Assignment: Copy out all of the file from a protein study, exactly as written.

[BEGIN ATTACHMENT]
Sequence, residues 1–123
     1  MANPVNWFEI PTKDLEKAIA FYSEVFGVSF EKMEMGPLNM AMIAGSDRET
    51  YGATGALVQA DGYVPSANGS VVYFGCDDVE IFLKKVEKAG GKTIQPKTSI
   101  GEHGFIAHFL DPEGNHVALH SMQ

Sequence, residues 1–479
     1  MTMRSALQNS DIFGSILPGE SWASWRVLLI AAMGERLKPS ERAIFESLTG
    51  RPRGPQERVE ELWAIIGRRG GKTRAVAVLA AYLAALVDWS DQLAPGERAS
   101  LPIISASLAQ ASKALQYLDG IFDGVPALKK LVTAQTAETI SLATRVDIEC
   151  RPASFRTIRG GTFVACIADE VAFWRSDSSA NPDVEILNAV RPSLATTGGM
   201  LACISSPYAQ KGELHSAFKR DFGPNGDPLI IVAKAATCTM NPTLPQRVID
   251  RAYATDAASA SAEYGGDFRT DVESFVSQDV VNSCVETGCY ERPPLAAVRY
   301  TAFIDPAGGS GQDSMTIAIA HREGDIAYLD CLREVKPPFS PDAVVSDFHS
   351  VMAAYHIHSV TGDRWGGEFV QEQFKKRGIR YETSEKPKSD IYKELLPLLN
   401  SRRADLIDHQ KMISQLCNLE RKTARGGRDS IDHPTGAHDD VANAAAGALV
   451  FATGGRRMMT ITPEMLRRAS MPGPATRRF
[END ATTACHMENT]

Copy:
Sequence, residues 1–123
     1  MANPVNWFEI PTKDLEKAIA FYSEVFGVSF EKMEMGPLNM AMIAGSDRET
    51  YGATGALVQA DGYVPSANGS VVYFGCDDVE IFLKKVEKAG GKTIQPKTSI
   101  GEHGFIAHFL DPEGNHVALH SMQ

Sequence, residues 1–479
     1  MTMRSALQNS DIFGSILPGE SWASWRVLLI AAMGERLKPS ERAIFESLTG
    51  RPRGPQERVE ELWAIIGRRG GKTRAVAVLA AYLAALVDWS DQLAPGERAS
   101  LPIISASLAQ ASKALQYLDG IFDGVPALKK LVTAQTAETI SLATRVDIEC
   151  RPASFRTIRG GTFVACIADE VAFWRSDSSA NPDVEILNAV RPSLATTGGM
   201  LACISSPYAQ KGELHSAFKR DFGPNGDPLI IVAKAATCTM NPTLPQRVID
   251  RAYATDAASA SAEYGGDFRT DVESFVSQDV VNSCVETGCY ERPPLAAVRY
   301  TAFIDPAGGS GQDSMTIAIA HREGDIAYLD CLREVKPPFS PDAVVSDFHS
   351  VMAAYHIHSV TGDRWGGEFV QEQFKKRGIR YETSEKPKSD IYKELLPLLN
   401  SRRADLIDHQ KMISQLCNLE RKTARGGRDS IDHPTGAHDD VANAAAGALV
   451  FATGGRRMMT ITPEMLRRAS MPGPATRRF